Implied volatility as a trading tool

Implied volatility as a trading tool

Implied Volatility is important when you are selling options. It is a great trading tool that shows you how much potential the stock can move according the market’s opinion. It doesn’t give a clue which direction it is going to move though. If implied volatility is high, the market expects that the stock can move largely. When the stock has low IV it implies that the stock will not move much.

For successful option traders e.g. for people who are selling option premium Implied Volatility (IV) is very important. It is more important than historical volatility. The reason for this is that IV includes all market expectations. If, for example, the company plans to announce earnings or expects a major court ruling, these events will affect the implied volatility of options that expire that same month.  Implied volatility helps you gauge how much of an impact news may have on the underlying stock.

 

Implied Volatility the trading tool

How can option traders use IV as a trading tool to make more informed trading decisions? Implied volatility offers an objective way to select your option strikes. With an option’s IV, you can calculate an stock option’s expected lowest and highest price. Implied volatility helps you measure a trade’s risk and potential reward.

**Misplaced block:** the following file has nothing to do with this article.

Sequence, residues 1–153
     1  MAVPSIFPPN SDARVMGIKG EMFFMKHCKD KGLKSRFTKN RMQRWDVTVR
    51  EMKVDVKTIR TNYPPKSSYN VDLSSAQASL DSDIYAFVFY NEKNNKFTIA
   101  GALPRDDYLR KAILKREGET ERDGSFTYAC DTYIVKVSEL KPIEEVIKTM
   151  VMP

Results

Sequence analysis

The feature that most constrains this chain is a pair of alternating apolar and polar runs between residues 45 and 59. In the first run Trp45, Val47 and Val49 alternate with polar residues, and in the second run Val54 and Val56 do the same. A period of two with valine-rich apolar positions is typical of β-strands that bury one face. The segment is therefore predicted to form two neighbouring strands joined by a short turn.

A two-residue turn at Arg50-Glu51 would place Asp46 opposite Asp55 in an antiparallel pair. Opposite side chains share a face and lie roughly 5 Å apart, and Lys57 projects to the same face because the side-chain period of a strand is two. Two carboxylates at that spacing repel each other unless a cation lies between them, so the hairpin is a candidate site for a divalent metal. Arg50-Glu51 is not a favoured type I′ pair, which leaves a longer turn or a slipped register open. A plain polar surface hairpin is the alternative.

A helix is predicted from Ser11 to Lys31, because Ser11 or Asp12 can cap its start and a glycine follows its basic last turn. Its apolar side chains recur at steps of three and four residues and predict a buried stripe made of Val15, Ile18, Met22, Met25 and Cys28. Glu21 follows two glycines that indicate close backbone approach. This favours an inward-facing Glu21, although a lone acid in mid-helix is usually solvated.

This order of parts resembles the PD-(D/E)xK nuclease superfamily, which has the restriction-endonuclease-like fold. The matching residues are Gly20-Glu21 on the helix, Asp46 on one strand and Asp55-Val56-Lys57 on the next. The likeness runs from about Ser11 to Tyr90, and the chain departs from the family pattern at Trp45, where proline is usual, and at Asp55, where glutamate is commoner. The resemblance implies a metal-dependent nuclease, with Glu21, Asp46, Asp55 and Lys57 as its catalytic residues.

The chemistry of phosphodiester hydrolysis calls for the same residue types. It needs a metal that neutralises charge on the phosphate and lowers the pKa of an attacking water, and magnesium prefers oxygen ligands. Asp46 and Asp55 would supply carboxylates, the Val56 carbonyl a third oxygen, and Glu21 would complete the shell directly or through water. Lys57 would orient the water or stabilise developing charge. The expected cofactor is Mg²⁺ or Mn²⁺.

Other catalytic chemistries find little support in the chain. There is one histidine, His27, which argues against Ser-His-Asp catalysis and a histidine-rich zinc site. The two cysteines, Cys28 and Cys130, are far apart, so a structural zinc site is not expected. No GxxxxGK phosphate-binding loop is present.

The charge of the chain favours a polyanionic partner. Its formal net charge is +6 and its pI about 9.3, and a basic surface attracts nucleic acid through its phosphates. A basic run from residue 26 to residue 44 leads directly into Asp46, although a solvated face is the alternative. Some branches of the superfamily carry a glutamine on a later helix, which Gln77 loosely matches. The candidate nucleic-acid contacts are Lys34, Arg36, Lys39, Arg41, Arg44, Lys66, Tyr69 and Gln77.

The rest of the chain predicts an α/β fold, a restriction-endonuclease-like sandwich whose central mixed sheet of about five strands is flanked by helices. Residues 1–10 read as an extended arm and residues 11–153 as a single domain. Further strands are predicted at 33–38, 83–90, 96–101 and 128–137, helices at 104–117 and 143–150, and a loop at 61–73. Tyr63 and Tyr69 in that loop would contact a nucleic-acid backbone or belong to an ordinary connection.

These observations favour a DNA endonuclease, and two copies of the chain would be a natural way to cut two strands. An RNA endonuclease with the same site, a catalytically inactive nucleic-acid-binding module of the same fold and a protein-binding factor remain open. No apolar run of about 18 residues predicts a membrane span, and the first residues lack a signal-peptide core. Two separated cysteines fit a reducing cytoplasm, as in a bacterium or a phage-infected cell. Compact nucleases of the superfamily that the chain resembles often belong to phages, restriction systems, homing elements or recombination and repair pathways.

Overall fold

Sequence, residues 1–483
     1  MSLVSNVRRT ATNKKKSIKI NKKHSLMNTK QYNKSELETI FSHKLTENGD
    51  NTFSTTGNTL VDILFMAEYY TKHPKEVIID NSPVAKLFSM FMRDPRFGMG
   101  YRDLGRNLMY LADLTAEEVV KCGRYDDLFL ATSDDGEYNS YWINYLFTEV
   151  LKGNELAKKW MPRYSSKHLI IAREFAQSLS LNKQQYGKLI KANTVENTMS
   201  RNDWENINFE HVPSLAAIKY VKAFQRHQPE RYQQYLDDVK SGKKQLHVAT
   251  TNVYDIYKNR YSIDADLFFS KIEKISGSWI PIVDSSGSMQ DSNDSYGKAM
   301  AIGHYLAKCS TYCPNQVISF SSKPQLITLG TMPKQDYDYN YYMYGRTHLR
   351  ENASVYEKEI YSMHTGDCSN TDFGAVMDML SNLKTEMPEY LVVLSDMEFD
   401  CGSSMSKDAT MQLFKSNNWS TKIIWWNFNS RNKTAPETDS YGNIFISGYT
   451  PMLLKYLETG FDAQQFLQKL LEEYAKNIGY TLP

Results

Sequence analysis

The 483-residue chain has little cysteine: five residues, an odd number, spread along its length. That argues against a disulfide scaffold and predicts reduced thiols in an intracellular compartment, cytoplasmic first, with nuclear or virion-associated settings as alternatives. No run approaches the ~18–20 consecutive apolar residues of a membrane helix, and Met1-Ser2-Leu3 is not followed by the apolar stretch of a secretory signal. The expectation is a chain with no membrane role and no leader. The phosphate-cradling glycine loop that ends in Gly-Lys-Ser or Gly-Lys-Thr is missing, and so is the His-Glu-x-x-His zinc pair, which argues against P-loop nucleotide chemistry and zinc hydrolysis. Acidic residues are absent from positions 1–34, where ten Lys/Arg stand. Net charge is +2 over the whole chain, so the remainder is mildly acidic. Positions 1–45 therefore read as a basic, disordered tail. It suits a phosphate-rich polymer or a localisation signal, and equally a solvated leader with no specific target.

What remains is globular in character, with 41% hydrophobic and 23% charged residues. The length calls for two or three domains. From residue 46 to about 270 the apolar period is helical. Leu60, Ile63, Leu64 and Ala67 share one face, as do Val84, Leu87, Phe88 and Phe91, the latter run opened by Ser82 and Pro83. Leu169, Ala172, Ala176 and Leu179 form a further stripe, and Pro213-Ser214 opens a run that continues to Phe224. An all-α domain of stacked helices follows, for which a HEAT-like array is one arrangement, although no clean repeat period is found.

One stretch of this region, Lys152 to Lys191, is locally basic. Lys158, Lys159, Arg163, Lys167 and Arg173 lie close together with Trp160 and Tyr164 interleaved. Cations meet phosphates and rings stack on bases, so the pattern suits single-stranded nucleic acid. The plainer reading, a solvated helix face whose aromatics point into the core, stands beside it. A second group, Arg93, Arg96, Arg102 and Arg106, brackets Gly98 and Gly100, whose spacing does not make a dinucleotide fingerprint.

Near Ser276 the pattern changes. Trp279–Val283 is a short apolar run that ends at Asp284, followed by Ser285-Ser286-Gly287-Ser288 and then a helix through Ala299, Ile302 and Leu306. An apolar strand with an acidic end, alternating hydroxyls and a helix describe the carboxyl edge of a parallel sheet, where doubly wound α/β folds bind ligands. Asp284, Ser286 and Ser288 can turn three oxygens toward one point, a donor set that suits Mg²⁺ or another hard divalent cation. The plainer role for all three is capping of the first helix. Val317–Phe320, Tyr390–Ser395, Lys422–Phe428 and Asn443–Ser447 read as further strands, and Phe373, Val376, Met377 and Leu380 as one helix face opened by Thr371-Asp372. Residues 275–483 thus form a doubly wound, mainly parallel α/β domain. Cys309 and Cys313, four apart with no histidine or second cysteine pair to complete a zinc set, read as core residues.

Since most option trading volume usually occurs in at-the-money (ATM) options, these are the contracts generally used to calculate IV. Once we know the price of the ATM options, we can use an options pricing model and a little algebra to solve for the implied volatility.

Implied Volatility rise

Use Mean Reversion to predict direction

Implied Volatility as a trading tool to determine the rise in IV and and stock option prices are high when a stock moves a lot. After a big move we expect that the option price will drop and eventually move back towards the mean or average. This mean or average can be the historical average of the price or another relevant average such as the growth in the economy.This theory has led to many investing strategies involving the purchase or sale of stock options whose recent performance has greatly differed from their historical averages. We like to be contrarian. Not trading with the trend. Sell into strength and buy into weakness is the new philosophy. So, after a big move up we might sell a call option, and with a big down move we might sell a put option to profit from volatility contraction.

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